Finding Freedom through Art
by Hanna Walker, 5th grade educator
For many people, art and other creative subjects can be plagued with fear and anxiety. No matter who you are, I wonder if you have sometimes experienced frustration when trying to create something.
I am a self-taught painter. I have been through many trials and errors while building my techniques, mixing colors and trying brush techniques until all that remained was a muddy canvas. I have even finished paintings and then painted right over them. Through these experiences, I’ve learned that I don't have to love every one of my creations, but I do have to see it through to the end. Sometimes I detest what I am working on, but I have learned that the more I add and trust the process, the more I love the final piece.
I started with abstract painting because it was freeing not to have a concrete or specific goal. The experience is more about playing with the paint, mixing it, layering it, and starting over if I am not satisfied. I don't get frustrated or down on my skills when I paint this way. I feel calm knowing there are no constraints, and I accomplish trusting myself and my artistic process.
At Sycamore, we strive to help children expand their growth mindsets. A growth mindset is a cherished skill that can be transferred to any area in life. It means you are willing to try things, even if you are afraid, to persevere when you fail, and to be open-minded. Everyone has an area where they struggle, or, in some cases, they feel unable to do it all together. Teaching children how to use a growth mindset helps them be adaptable and resilient, and it sets them up for success in many areas.
Our Kindergarten class reads books about reframing mistakes at the beginning of the year, including Beautiful Oops! by Barney Saltzberg and The Book of Mistakes by Corinna Luykin. After reading, they practice creating art from a mistake. Art continues to be a catalyst for embracing mistakes throughout the Sycamore experience. It provides an environment that celebrates being unique and encourages experimentation.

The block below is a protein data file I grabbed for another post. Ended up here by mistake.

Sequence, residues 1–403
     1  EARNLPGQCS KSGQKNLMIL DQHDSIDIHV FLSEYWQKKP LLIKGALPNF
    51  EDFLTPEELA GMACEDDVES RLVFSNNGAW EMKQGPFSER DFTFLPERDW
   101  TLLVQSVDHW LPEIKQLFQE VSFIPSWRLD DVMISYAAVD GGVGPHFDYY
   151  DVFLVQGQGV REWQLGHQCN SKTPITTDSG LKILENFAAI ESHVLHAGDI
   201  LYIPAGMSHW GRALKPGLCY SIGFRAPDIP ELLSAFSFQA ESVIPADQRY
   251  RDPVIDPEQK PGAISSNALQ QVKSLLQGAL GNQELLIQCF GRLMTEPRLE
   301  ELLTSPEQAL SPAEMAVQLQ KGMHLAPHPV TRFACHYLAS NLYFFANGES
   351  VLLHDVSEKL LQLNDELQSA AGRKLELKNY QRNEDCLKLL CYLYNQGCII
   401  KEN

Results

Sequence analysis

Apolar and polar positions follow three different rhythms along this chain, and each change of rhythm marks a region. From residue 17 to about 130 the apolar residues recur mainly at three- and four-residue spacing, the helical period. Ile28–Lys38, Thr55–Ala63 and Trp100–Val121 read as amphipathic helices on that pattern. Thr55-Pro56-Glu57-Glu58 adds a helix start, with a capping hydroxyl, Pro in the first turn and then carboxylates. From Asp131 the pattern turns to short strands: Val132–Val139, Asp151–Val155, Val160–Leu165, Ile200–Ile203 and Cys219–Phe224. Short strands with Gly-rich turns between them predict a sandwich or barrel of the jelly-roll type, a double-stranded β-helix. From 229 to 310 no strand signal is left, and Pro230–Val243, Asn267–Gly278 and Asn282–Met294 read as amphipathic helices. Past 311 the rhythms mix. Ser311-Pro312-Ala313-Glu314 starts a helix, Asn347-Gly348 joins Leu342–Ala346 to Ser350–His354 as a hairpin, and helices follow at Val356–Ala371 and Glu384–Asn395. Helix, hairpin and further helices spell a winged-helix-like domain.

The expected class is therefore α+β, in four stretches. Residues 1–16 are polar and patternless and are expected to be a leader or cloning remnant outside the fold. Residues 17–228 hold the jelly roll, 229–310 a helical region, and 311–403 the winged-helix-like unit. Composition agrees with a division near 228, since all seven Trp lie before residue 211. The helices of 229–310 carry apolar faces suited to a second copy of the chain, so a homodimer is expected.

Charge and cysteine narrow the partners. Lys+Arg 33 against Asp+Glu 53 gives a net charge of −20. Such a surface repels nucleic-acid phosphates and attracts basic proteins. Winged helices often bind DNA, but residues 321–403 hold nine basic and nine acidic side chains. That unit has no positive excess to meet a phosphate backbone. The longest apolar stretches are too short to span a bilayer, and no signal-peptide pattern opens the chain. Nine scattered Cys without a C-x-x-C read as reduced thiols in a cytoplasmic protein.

In my 4th/5th grade class at Sycamore, I strive to provide my students with moments of productive struggle in art - experiences that give them freedom, allow for experimentation and decision making, and opportunities to show individuality. Art projects like this builds confidence and prepares students to trust themselves and their process when they engage in more structured art activities, such as portraits.
The Random Rice Shape Project - In a recent art project students were tasked with creating organic shapes using rice. One reason I enjoyed this project is that the resulting shapes are generated randomly. There is very little you can do to control where a grain of rice falls.
By randomly dropping the rice, it ensures that their final piece will be original, and it helps students let go of expectations that their art will appear a certain way when making their first mark.
During this project, students simply drew around the scattered rice, which limited the number of decisions they could make. It took precision and focus to trace these random, detailed shapes and served as a moment to practice mindfulness. This project also helped students practice fine motor movements and water coloring within their lines.
The Bubble Art project - 4th and 5th grade students also engaged in a fun activity using bubbles. Their only instruction was to create colorful designs using paint bubbles. These art pieces are another example of a project that came out unique to each student and did not require the students to make complicated decisions.
Although painting with bubbles is relatively simple in terms of technical skills, it allows many opportunities to experiment. What ratio of soap, water, and paint works best? How can tools help you get the desired effect? What happens when you mix certain colors? This project tends to be messy, which is a great sign that playfulness and fun is happening!
Introducing abstract art projects is a great way to allow for individuality and provides students a risk-free environment where they can explore and strengthen their growth mindset. Through art, they learn to find freedom and beauty in their creations, as well as to discover pride in themselves.